Kazakh security forces opening fire on protesters in central Almaty (Photo: Valery Sharifulin/TASS)

By Ani Avetisyan

YEREVAN (OC-media.org) — The Armenian government, which came to power through anti-government street protests in 2018, has agreed to send troops to help quell anti-government protests in Kazakhstan as part of a joint ‘peacekeeping mission’.

On Wednesday night, January 5, Prime Minister Nikol Pashinyan announced that the Collective Security Treaty Organization (CSTO) would send forces to Kazakhstan ‘for a limited time’ to ‘normalize and stabilize’ the situation.

Armenia has held the rotating chair of the Russian-led military bloc since September 2021.

In the announcement, Pashinyan claimed, without evidence, that the protests across Kazakhstan were the result of ‘external intervention’.

According to reports, dozens of protesters and 12 police officers have died in clashes between protesters and security forces in Kazakhstan, while hundreds have been wounded. The protests erupted on 4 January against an increase in gas prices, however, protesters’ demands quickly expanded to include political reforms.

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The CSTO agreed to send military aid at the request of Kazakhstan’s authoritarian government following consultations between Armenia with the treaty’s other member states.

Kazakhstan’s request was made on the basis of Article 4 of the CSTO charter, which covers members’ obligation to mutual defence.

According to the security bloc’s official statement, peacekeeping troops from all member states are set to join the mission — Armenia, Belarus, Kyrgyzstan, Russia, and Tajikistan. According to Russian state-owned news outlet Sputnik Armenia, over 70 Armenian service members will take part.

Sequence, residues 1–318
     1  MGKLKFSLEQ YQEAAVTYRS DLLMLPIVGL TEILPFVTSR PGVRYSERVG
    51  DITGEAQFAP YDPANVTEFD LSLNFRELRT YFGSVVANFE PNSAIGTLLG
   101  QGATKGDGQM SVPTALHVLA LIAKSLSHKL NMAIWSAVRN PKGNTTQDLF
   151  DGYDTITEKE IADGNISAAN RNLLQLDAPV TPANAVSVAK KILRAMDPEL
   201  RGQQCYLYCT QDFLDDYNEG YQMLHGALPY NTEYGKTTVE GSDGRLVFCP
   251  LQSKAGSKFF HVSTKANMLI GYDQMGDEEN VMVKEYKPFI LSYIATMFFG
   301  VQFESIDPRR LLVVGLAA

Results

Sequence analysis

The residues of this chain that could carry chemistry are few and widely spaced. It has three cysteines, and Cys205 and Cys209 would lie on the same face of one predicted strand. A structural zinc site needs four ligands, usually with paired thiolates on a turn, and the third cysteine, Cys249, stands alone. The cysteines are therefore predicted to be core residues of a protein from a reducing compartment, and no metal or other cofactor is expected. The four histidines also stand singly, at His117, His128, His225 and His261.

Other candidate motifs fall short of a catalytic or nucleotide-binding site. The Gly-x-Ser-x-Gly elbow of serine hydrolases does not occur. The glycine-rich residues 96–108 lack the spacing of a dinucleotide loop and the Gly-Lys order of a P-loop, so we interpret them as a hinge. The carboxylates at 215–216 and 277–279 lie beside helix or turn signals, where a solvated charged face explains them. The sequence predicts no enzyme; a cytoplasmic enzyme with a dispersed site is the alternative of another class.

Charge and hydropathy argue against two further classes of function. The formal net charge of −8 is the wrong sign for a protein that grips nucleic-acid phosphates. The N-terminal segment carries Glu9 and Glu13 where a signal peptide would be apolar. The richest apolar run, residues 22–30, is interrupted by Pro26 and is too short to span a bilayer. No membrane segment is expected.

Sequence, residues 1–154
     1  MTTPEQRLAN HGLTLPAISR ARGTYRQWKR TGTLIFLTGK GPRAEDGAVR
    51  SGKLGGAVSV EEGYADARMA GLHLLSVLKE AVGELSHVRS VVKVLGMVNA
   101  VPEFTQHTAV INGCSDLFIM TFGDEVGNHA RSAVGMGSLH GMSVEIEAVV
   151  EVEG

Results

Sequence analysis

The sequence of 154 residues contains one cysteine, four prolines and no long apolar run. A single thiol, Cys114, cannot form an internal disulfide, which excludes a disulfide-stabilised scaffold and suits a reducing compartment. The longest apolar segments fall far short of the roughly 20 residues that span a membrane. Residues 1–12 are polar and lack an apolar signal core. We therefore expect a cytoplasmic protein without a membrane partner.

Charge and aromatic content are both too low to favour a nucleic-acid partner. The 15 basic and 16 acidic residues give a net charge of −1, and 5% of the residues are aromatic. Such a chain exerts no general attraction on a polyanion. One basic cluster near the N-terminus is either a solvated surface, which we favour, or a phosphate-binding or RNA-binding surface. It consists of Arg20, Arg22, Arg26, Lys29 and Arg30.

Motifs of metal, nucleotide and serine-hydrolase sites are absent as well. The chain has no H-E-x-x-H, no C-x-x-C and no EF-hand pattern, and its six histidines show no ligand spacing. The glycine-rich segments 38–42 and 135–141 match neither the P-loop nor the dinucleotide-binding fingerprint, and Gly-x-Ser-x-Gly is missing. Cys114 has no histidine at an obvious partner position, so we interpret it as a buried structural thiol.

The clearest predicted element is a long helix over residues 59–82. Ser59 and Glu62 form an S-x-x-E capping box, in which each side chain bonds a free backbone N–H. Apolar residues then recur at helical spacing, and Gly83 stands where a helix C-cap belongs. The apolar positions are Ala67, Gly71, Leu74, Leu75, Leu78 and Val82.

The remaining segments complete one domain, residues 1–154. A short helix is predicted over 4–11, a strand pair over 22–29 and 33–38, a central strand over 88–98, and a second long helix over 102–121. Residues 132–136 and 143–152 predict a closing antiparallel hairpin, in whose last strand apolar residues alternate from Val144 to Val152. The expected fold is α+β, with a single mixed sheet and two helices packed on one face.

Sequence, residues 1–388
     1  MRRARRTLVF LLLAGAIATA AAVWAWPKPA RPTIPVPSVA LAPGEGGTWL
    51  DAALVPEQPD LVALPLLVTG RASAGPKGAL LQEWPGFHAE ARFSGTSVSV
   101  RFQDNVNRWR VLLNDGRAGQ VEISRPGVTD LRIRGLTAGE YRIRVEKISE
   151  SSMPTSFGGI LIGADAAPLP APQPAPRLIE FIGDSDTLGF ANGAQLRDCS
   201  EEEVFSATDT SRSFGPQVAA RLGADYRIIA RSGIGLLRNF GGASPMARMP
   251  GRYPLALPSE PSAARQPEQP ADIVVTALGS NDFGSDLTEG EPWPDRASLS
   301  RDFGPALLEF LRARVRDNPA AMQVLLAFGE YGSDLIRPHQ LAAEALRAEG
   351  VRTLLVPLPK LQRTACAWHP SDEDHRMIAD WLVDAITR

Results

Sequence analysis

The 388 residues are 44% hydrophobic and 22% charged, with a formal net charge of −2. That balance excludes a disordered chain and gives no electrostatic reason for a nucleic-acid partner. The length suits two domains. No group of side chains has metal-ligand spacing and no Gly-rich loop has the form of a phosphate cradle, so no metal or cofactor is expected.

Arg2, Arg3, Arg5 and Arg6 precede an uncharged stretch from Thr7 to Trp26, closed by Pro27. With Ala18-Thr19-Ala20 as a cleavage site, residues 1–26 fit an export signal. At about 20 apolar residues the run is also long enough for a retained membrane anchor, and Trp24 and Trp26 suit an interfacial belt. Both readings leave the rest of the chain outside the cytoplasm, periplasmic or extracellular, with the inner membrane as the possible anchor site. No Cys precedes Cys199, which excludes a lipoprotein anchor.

Armenia’s Foreign Ministry also issued a statement, saying that it was following events in Kazakhstan ‘with concern’.

Criticism of Armenia’s involvement

Pashinyan’s statements as CSTO chair and his decision to send troops to Kazakhstan were not well-received in Armenia.

On social media, many were quick to point to the irony of Armenia’s involvement in a mission to quell anti-government protests, hearkening back to the revolution that thrust the country’s ruling party, Civil Contract, into power in 2018.

Others have argued that Armenia should not take part in the mission in response to the CSTO’s inaction following the May 2021 Armenian-Azerbaijani border clashes, or even Kazakhstan’s support to Azerbaijan in the Second Nagorno-Karabakh War.

Following the May clashes, Armenia addressed the bloc citing Article 2 of its treaty, calling for the coordination of positions and measures among its member states to eliminate ‘emerging threats’.

The organization responded only that it was ‘closely following developments’ and ‘if necessary, actions will be taken’ under the bloc’s treaty and charter.

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